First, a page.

The bending or warping of rocks is called folding. Monoclines are folds in which both sides are horizontal, which often form over deeper faults. Anticlines are upward-pointing arches that have the oldest rocks in the center, and synclines are downward-pointing arches, with the oldest rocks on the outside edges of the structure. Though many other geometric varieties of folds exist, most are variations of these basic types. The fold hinge is the region of maximum curvature on the fold, whereas the limbs are the regions between the fold hinges. Folds may be further classified according to how tight the hinges are, which can be measured by the angle between individual fold limbs. Gentle folds have interlimb angles between 180° and 120°, open folds have interlimb angles between 120° and 70°, close folds between 70° and 30°, tight folds have interlimb angles of fewer than 30°, and isoclinal folds have interlimb angles of 0°. Folds may be symmetrical, with similar lengths of both fold limbs, or asymmetrical, in which one limb is shorter than the other limb. Fold geometry may also be described by using the orientation of an imaginary surface (the axial surface), that divides the fold limbs into two symmetric parts, and the orientation of the fold hinge. Folds with vertical axial surfaces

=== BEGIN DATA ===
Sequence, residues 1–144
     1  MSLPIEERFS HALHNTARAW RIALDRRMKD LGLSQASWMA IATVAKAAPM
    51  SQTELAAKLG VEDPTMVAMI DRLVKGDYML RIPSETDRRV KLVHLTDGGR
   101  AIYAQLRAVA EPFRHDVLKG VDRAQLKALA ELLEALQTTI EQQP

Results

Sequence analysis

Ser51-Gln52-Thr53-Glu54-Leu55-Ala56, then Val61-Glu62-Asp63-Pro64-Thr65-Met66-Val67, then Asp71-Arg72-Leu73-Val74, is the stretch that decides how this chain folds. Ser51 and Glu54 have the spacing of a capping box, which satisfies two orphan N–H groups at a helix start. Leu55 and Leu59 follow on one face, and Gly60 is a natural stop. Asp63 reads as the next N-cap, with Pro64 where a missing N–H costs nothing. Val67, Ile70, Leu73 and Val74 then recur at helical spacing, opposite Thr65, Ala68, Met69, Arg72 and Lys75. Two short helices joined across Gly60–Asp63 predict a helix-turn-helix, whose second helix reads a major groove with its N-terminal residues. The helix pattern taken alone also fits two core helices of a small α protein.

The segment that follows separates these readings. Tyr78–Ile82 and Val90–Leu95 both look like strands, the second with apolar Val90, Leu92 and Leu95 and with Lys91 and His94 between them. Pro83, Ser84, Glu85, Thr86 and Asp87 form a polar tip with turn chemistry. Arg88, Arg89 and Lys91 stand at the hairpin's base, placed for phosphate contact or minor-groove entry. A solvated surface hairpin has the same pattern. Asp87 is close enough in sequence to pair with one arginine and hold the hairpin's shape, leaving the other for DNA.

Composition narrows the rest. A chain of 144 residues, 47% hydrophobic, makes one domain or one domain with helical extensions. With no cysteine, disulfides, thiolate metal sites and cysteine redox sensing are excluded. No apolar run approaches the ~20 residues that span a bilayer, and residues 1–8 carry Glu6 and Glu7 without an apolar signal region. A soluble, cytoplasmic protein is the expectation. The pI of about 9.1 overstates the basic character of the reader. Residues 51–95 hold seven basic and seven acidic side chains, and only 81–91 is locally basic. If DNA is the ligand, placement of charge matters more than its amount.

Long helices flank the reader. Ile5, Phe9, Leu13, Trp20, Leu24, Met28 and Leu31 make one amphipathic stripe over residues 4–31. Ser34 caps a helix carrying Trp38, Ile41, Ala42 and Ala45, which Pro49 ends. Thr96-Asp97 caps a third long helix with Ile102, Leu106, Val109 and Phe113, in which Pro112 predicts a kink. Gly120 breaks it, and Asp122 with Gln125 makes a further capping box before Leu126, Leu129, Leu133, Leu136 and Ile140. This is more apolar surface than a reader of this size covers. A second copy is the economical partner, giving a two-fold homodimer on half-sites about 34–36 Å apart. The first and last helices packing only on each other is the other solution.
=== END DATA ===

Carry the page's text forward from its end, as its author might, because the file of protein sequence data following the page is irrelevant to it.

Folded rock strata in Austrian Alps (Bernhard Edmaier/Photo Researchers, Inc.)
and subhorizontal hinges are known as upright gently plunging folds, whereas folds with horizontal hinges and axial surfaces are said to be recumbent.
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